Hollywood has a weight problem

Each week, Symposium’s blog highlights comments about the week’s featured article. This week’s piece is “The Rebirth of Viewing Pleasure.”

Prof. Jill Dolan, guest blogger

I’ve been a Melissa McCarthy fan since her scene-stealing turn as the straight-talking sister of the groom in Bridesmaids two years ago. But her two major release films this year demonstrate Hollywood’s discomfort with a woman whose body size scales up from the tall, thin, white women who remain the industry’s physical standard.

The Heat and Identity Thief equate her weight with a kind of crass white-trashy-ness, and mostly evince their producers’ uneasiness with her body size. The characters these films create for McCarthy move outside the bounds of conventional white femininity in ways that their narratives judge harshly. In The Heat, McCarthy, co-starring with Sandra Bullock, plays a cop boasting shady crime-stopping methods, and in Identity Thief, she is the criminal, an unruly, loudly dressed woman who steals the identity of a button-downed Jason Bateman.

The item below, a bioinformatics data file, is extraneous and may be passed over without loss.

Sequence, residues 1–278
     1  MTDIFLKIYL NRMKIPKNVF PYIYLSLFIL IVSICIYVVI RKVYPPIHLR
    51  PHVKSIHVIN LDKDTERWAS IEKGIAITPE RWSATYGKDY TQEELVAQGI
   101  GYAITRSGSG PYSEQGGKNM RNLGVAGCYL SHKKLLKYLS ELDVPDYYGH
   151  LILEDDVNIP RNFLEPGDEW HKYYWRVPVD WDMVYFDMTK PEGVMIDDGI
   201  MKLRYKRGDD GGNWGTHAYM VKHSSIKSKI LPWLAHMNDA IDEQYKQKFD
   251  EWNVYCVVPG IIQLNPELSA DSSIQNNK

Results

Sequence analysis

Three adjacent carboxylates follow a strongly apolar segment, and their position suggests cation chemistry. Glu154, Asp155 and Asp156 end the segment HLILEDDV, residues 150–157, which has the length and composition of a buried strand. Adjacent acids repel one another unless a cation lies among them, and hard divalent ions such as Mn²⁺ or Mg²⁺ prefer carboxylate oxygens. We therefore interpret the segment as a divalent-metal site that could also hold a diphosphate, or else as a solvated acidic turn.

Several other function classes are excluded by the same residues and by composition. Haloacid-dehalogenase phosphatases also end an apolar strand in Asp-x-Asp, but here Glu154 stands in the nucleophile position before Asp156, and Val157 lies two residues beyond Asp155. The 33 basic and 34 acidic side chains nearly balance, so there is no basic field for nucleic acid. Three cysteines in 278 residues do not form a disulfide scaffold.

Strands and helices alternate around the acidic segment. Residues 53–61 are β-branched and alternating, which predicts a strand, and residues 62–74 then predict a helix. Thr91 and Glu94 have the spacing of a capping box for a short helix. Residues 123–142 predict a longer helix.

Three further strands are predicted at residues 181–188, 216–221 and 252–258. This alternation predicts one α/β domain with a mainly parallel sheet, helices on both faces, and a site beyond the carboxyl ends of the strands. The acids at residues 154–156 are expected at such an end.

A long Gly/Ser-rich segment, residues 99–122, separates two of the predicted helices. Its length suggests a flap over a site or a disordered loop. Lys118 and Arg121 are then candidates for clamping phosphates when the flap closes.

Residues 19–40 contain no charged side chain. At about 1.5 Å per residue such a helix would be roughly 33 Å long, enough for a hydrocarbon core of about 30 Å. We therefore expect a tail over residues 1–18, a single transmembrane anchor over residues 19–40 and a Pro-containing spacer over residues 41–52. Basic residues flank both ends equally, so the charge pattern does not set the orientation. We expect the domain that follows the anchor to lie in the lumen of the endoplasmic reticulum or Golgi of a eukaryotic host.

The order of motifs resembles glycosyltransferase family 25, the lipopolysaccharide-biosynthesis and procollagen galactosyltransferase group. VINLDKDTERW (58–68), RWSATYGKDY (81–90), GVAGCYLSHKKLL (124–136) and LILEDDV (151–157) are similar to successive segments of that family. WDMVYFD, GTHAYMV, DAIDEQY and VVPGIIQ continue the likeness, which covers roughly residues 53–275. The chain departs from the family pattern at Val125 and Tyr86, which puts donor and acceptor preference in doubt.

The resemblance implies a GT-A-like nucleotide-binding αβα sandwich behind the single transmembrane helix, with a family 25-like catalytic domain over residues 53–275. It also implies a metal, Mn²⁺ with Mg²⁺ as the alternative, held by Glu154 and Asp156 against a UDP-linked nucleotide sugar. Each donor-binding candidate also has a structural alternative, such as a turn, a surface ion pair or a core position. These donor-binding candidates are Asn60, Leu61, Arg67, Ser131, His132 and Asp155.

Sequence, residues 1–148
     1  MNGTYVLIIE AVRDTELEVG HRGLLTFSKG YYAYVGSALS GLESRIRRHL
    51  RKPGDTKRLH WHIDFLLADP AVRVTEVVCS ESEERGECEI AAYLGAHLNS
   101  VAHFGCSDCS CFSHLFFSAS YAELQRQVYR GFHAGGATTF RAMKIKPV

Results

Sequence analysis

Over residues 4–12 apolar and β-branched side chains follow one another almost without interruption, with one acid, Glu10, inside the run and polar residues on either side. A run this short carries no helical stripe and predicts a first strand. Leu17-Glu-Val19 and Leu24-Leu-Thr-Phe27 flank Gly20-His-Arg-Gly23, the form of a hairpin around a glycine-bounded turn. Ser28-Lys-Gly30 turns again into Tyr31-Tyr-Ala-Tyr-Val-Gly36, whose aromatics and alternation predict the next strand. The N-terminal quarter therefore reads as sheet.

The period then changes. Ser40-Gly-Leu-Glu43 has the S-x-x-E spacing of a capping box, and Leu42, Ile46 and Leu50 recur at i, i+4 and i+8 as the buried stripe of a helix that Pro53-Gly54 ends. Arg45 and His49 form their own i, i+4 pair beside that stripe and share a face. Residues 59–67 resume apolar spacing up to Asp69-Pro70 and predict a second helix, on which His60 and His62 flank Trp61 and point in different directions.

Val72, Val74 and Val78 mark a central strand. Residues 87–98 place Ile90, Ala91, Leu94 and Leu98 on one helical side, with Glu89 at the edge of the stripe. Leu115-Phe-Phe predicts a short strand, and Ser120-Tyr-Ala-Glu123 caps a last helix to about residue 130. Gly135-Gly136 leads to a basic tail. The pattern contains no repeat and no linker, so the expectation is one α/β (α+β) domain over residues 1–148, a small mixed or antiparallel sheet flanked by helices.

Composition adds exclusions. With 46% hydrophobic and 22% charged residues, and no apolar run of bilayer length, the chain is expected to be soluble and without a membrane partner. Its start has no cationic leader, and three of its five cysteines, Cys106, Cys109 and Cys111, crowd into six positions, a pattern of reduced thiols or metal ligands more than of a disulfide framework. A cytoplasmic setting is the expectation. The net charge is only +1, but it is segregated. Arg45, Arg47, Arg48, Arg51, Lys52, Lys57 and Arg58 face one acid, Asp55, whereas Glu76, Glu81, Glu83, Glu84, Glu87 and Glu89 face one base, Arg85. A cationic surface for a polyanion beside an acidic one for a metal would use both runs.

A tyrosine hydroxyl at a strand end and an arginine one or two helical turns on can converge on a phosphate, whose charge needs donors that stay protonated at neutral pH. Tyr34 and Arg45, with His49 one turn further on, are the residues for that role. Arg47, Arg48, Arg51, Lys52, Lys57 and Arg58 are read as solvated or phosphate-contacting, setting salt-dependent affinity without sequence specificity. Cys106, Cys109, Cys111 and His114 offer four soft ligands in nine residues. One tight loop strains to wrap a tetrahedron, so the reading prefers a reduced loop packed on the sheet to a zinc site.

In both cases, the films’ comedy comes from the distastefulness with which the conventionally-sized and conventionally-attractive leads face their co-star’s adversarial character. And although the leading characters in both cases grudgingly learn to respect and even like one another by the film’s end, these reconciliations are always at McCarthy’s expense.

McCarthy tries hard, in both films, not to be the butt of the jokes. Her comic timing is impeccable and smart; apparently, in The Heat, she and Bullock improvised much of the script. (McCarthy did time with the Groundlings, a well-regarded improv troupe in LA, earlier in her career.) She’s known for her on-set professionalism, and in interviews, she demurs when asked about being a “role model” for fat (or even normal-sized) women.

But numerous feature stories about McCarthy can’t help but see her as exceptional, as a heavy-set woman garnering starring comic roles. In a recent People Magazine interview, McCarthy says she hopes that she’s cast for her talent, not for her size.

Would that Hollywood could produce scripts worthy of her skill and potential.

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